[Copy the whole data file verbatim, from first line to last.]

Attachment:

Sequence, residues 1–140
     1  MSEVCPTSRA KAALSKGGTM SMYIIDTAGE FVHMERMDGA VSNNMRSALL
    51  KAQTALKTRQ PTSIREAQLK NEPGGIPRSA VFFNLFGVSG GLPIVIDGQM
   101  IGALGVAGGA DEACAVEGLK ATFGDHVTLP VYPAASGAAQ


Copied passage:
Sequence, residues 1–140
     1  MSEVCPTSRA KAALSKGGTM SMYIIDTAGE FVHMERMDGA VSNNMRSALL
    51  KAQTALKTRQ PTSIREAQLK NEPGGIPRSA VFFNLFGVSG GLPIVIDGQM
   101  IGALGVAGGA DEACAVEGLK ATFGDHVTLP VYPAASGAAQ